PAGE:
Justices pooh-pooh Winnie the Pooh
Copyright battle has raged in the courts for a dozen yearsWASHINGTON (AP) -- The Supreme Court refused on Monday to decide whether the granddaughter of A.A. Milne, British creator of Winnie the Pooh, can recapture control of the copyright for stories featuring the children's book character.
Milne wrote the Pooh books between 1924 and 1928 and granted a U.S. license to Stephen Slesinger in 1930.
Slesinger, in turn, granted his rights to Stephen Slesinger Inc.
The company sublicensed to Walt Disney Productions certain rights to the Pooh works.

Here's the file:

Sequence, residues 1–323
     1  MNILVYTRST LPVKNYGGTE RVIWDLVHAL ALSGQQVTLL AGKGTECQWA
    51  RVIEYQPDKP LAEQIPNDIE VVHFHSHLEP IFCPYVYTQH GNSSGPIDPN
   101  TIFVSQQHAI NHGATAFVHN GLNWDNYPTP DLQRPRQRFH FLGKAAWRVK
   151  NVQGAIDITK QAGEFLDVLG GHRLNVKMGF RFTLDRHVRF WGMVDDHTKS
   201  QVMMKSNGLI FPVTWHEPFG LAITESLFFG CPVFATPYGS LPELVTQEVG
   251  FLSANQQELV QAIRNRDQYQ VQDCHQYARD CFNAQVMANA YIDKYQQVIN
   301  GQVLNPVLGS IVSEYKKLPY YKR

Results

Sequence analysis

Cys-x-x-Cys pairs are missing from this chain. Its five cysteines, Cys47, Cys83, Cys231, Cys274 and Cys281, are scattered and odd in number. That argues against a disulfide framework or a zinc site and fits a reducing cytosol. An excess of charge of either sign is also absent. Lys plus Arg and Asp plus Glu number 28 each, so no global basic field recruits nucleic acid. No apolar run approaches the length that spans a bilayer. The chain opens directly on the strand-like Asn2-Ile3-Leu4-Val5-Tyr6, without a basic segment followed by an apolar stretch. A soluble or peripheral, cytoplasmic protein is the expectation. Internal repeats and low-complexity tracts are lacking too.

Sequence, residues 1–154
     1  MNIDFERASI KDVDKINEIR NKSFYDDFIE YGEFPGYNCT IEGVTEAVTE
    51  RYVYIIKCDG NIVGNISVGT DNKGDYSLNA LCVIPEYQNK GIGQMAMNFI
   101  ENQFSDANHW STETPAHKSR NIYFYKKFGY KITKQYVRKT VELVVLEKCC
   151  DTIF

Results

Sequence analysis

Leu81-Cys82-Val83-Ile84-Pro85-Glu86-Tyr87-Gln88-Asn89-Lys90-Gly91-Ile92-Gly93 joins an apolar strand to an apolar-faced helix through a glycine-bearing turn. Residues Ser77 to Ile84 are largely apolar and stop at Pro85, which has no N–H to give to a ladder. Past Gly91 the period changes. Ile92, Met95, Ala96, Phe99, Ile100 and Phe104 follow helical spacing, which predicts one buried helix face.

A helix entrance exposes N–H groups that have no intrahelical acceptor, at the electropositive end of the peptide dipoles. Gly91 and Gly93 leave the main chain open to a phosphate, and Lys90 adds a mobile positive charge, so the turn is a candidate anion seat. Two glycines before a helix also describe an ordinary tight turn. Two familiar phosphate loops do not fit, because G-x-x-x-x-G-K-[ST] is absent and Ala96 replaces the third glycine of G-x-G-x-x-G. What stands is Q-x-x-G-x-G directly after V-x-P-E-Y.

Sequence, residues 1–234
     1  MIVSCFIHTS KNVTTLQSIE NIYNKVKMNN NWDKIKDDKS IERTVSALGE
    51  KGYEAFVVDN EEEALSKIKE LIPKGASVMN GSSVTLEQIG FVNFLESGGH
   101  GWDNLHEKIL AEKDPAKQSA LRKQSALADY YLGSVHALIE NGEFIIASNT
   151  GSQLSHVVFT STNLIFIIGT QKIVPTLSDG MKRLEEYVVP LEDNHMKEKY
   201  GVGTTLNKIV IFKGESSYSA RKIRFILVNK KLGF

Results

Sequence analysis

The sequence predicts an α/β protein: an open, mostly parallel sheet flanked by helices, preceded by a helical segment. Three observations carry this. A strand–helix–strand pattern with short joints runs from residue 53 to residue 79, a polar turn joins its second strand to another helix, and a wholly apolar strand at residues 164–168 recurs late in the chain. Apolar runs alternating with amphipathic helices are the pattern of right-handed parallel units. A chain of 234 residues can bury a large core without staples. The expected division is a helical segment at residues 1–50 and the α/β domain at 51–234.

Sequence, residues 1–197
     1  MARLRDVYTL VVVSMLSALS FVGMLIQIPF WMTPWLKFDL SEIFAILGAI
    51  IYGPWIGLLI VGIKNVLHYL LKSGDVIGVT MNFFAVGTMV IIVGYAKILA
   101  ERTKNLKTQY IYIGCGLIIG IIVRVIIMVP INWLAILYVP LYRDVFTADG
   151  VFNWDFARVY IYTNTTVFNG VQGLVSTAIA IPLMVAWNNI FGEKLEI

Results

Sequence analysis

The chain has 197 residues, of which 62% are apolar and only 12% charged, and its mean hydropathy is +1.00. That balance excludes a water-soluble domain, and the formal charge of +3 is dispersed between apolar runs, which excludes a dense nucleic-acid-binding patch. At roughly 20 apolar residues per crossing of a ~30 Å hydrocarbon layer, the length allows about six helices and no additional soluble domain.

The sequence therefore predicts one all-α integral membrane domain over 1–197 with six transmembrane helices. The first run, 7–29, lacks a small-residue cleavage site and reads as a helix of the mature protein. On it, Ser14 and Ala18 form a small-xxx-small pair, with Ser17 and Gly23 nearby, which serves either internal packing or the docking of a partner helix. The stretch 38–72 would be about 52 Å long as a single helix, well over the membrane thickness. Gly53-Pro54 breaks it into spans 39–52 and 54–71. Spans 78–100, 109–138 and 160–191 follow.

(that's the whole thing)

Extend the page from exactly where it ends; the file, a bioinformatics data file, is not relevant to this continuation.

When Milne died in 1956, he did not bequeath ownership of the copyright to his family but to a trust that later became known as the Pooh Properties Trust.
Clare Milne, who was not born when her grandfather died, sought to use a 1976 copyright law to terminate the prior licensing agreement and recapture ownership of the copyright.
Lawyers for Slesinger urged justices to reject the appeal, accusing Disney of bankrolling Milne's lawsuit because of a 13-year-old dispute over royalties owed to Slesinger.
Disney is a co-plaintiff in Milne's lawsuit.
The San Francisco-based 9th U.S. Circuit Court of Appeals ruled that Milne had no termination right to exercise.
The court said the parties -- the trust, Disney and Slesinger -- entered into an agreement in 1983 designed to block the family from ever regaining control of the copyright.